Into the Deep in Pursuit of Pirates Ireland's seabed is giving up the secrets of its swashbuckling past as our underwater archaeologists from the Department of Culture, Heritage and the Gaeltacht's National Monuments Service piece together the clues left by the buccaneers of Munster

Ruthless pirates from nations far and wide, plundering ships and trading their contraband cargoes across the seas. Scoundrel seafarers constantly on the run from the king's men and their heavily armed warships. Shadowy figures stealing through the night to lay low in countless coves and secret inlets. The plot from the latest instalment of Pirates of the Caribbean? Not quite, as truth can be even more interesting than fiction. Because the real-life characters reflected in the fictional Captain Jack Sparrows were to be found much closer to home than the Caribbean – within the coastal waters of the southwest coast of Ireland, in fact.

Keeping with the Hollywood theme, chances are that if asked to name an archaeologist, most people's thoughts would drift to Indiana Jones and his quest for holy grails and crystal skulls. But while Harrison Ford's rugged character, armed with a whip and ancient maps, had many adventures, he enjoyed all of his on dry land, not in a drysuit in chilly Irish waters.

That’s where the archaeologists from the Department of Culture, Heritage and the Gaeltacht’s National Monuments Service (NMS) have the upper hand over Indiana: some of their most memorable ‘expeditions’ have led to new discoveries, both above and below the waves. And in their own time, they are also exploring secret worlds, including uncovering Ireland’s pirate past. While pirate folklore is rich in tales of booty, the biggest treasure for these archaeologists is unearthing new knowledge about our history and new evidence about our cultural past.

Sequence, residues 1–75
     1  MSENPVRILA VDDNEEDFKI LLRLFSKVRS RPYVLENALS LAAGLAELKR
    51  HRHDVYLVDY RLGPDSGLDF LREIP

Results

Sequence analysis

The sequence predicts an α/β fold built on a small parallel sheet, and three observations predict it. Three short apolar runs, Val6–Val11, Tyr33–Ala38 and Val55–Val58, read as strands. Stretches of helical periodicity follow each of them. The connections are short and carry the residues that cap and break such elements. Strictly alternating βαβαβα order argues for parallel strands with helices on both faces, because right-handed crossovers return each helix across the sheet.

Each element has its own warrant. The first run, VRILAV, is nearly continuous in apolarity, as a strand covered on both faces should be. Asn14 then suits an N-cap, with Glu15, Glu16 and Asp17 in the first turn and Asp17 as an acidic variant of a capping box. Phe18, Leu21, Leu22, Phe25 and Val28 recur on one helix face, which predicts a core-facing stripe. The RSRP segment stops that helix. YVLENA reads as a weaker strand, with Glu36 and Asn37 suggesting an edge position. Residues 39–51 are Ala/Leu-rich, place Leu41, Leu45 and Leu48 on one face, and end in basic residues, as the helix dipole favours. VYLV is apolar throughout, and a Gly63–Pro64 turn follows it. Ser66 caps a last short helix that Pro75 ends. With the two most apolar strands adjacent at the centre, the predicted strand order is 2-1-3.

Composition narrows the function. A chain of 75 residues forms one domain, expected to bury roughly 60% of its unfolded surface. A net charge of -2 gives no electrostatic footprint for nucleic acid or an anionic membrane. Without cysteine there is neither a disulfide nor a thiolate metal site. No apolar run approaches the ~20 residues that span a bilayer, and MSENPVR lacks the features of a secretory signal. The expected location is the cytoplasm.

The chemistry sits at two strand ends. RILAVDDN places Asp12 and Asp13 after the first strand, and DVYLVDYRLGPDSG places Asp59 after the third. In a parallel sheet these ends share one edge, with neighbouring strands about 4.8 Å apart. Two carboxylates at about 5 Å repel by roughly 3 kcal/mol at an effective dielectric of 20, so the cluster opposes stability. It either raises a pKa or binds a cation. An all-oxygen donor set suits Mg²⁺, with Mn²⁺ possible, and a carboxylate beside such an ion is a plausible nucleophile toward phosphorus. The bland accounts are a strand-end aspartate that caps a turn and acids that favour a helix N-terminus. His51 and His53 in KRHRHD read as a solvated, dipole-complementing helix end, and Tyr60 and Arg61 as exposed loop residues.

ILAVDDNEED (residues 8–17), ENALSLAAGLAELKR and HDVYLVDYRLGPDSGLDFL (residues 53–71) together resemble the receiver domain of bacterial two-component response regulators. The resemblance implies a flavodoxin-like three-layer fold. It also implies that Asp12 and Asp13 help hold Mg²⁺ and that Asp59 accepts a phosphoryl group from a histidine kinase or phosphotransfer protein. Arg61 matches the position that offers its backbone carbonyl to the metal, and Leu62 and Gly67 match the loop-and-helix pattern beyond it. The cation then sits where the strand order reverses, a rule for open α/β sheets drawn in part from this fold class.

Secluded places such as Canty's Cove in West Cork were known pirate bases in the early 1600s, and its caves no doubt were used to accommodate smuggled goods in the dead of night

The work of the National Monuments Service (NMS), in managing and protecting Ireland’s underwater cultural heritage, is broad and diverse. Within the NMS, it's mainly undertaken by its Underwater Archaeology Unit (UAU). It was set up on a permanent basis 20 years ago following a successful pilot project aimed at quantifying the nature and extent of the resource to be protected, and undertakes dive surveys and excavations as part of its work brief.

When time has allowed, members of the UAU – all fully commercially trained divers – have carried out their own personal research focused on particular areas of our coast and seas and different periods in our past. In the process they've often revealed details of lesser known events and previously unknown archaeological sites. Underwater surveys of particular shipwreck remains, together with discoveries of new sites and features, both above and below the waves, dovetail nicely with personal research and further illuminate tales of pirates and smugglers from some 400 years ago.

"Pirates have always fascinated me, whether it was the romantic idea of the swashbuckling rogue or the ships they sailed"